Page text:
5 Warnings about Pay Day Loans
You need cash now. Should you write a check to a pay day lender to get instant access to that cash? A pay day loan usually happens like this: you write a check or authorize deferred direct deposit to the lender for the amount of cash you need, plus any finance charges and fees. The pay day lender holds that check or waits to access your checking account until your next pay day, when the loan and fees must be paid in full. If you are unable to pay the full amount of the loan and additional fees, you'll incur a finance charge and the loan will be rolled over to the next pay day.
Before you sign the contract for a pay day loan, here are five warnings to remember:
1) Make sure the institution has a valid registration with the Department of Financial Institutions. If it does not not, the person or business is violating the law. Utah Code 7-23-201. You can also contact the Department of Financial Institutions to make a complaint against a pay day lender. Use the form provided to mail or email your complaint.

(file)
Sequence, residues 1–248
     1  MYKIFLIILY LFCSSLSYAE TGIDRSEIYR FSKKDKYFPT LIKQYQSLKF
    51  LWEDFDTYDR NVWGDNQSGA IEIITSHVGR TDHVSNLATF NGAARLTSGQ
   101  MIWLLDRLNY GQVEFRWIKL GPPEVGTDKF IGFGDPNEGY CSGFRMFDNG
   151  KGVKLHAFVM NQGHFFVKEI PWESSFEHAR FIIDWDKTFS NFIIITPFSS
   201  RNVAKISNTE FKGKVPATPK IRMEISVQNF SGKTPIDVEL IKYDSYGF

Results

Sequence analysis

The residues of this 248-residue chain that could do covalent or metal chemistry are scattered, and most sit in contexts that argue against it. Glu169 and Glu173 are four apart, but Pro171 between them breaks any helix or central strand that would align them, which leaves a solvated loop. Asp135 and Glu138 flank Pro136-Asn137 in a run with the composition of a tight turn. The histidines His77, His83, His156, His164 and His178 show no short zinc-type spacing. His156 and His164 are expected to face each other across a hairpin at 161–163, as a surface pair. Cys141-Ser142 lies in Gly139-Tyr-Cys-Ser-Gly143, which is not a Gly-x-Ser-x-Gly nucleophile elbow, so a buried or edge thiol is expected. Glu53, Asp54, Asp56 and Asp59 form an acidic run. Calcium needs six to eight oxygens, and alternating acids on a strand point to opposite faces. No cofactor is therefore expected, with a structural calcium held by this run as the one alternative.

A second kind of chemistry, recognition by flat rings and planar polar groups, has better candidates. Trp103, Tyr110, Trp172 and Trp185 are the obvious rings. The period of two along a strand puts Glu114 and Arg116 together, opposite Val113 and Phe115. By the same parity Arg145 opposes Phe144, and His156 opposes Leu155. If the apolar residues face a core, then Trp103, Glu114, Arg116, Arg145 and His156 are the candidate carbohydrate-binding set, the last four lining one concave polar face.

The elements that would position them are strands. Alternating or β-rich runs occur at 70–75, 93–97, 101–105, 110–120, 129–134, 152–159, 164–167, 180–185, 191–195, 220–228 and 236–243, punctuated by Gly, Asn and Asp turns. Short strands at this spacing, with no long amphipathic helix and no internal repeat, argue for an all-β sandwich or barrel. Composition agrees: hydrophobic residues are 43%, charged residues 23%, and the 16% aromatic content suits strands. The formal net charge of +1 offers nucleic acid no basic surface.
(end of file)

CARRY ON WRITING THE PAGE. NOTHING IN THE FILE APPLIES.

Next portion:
3) The maximum roll over loan period is 12 weeks. Utah Code 7-23-401.
4) The pay day loan contract must be in writing. Utah Code 7-23-401.
5) The pay day lender must post "a complete schedule of any interest or fees charged for a deferred deposit loan that states the interest and fess using dollar amounts." Utah Code 7-23-401.
For more information about pay day loans, including ways to find alternative sources of funding, check out the Federal Trade Commission's Consumer Alert: "Payday Loans Equal Very Costly Cash: Consumers Urged to Consider the Alternatives."